The magnetorotational instability prefers three dimensions


The magnetorotational instability (MRI) occurs when a weak magnetic field destabilises a rotating, electrically conducting fluid with inwardly increasing angular velocity. The MRI is essential to astrophysical disk theory where the shear is typically Keplerian. Internal shear layers in stars may also be MRI unstable, and they take a wide range of profiles, including near-critical. We show that the fastest growing modes of an ideal magnetofluid are three-dimensional provided the shear rate, $S$, is near the two-dimensional onset value, $S_c$. For a Keplerian shear, three-dimensional modes are unstable above $S\approx0.10S_c$, and dominate the two-dimensional modes until $S\approx2.05S_{c}$. These three-dimensional modes dominate for shear profiles relevant to stars and at magnetic Prandtl numbers relevant to liquid-metal laboratory experiments. Significant numbers of rapidly growing three-dimensional modes remain well past $2.05S_{c}$. These finding are significant in three ways. First, weakly nonlinear theory suggests that the MRI saturates by pushing the shear rate to its critical value. This can happen for systems, like stars and laboratory experiments, that can rearrange their angular velocity profiles. Second, the non-normal character and large transient growth of MRI modes should be important whenever three-dimensionality exists. Finally, three-dimensional growth suggests direct dynamo action driven from the linear instability.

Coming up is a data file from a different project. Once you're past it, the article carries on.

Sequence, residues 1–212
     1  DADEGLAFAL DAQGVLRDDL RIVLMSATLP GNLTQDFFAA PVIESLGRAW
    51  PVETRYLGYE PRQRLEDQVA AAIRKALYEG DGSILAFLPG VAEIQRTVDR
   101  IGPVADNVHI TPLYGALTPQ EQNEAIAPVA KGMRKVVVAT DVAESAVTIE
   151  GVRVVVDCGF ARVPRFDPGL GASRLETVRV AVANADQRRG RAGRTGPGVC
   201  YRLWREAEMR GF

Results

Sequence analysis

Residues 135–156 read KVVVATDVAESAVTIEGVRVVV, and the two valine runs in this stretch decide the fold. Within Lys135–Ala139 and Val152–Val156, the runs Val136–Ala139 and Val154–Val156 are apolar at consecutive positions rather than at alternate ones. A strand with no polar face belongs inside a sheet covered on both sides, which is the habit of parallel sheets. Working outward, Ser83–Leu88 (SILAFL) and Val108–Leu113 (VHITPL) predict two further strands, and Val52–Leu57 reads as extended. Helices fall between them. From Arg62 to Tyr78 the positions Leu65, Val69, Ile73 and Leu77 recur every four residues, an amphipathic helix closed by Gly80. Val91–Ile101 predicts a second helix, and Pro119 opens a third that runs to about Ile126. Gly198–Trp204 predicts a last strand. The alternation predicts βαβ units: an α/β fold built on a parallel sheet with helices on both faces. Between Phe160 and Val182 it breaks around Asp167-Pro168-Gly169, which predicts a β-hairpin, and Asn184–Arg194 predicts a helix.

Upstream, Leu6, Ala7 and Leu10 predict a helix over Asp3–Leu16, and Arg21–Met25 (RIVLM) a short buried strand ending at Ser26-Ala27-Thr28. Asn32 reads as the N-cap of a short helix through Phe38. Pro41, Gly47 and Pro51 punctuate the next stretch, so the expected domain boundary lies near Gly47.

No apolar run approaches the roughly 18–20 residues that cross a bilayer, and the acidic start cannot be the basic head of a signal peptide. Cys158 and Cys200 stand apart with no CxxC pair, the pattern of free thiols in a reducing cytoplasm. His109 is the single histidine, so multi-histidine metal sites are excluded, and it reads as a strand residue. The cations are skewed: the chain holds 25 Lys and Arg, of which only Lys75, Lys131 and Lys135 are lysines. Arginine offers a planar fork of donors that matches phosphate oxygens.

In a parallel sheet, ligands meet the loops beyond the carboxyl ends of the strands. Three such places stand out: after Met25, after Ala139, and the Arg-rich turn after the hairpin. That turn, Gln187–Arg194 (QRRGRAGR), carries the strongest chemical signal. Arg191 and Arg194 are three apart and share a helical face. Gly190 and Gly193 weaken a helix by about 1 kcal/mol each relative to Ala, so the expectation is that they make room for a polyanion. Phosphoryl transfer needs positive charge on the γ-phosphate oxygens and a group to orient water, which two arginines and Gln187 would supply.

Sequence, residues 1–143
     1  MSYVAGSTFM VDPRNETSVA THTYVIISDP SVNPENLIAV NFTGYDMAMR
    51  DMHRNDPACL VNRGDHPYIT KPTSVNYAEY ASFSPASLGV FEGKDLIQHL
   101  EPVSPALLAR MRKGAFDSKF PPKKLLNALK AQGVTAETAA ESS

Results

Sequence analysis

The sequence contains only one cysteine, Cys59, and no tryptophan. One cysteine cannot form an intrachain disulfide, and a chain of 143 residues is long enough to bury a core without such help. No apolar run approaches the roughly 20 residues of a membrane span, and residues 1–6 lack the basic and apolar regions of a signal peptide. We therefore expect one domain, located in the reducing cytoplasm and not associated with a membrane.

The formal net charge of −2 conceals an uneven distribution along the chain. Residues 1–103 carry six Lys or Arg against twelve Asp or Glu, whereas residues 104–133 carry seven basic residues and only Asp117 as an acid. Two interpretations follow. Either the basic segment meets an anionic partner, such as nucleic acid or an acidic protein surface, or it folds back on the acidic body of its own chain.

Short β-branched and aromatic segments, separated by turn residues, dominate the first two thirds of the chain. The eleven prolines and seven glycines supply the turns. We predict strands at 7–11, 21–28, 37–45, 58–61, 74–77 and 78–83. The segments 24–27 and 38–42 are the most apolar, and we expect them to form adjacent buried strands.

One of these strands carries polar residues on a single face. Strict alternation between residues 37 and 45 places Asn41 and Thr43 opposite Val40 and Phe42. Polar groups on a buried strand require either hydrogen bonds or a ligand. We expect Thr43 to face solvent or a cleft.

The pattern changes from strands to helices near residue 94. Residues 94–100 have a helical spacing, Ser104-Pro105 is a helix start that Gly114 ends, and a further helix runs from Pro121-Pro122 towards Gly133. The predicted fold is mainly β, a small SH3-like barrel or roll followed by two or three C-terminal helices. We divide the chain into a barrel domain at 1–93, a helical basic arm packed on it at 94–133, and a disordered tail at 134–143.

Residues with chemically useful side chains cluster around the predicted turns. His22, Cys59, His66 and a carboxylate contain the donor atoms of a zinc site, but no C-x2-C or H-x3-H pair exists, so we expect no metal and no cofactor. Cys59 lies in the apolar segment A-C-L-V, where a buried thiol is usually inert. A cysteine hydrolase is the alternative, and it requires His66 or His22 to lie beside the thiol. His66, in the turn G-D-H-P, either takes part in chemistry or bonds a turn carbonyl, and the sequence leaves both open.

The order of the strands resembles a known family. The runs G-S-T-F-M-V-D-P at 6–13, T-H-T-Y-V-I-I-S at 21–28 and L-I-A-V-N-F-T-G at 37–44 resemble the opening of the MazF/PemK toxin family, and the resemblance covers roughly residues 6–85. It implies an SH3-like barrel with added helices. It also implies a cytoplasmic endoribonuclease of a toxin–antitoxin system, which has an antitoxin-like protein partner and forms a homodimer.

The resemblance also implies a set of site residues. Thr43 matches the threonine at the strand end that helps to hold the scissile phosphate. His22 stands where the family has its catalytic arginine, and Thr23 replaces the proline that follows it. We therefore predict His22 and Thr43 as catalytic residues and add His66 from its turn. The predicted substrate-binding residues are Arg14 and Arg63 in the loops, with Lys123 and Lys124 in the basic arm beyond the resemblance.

Proceedings of the Royal Society of London Series A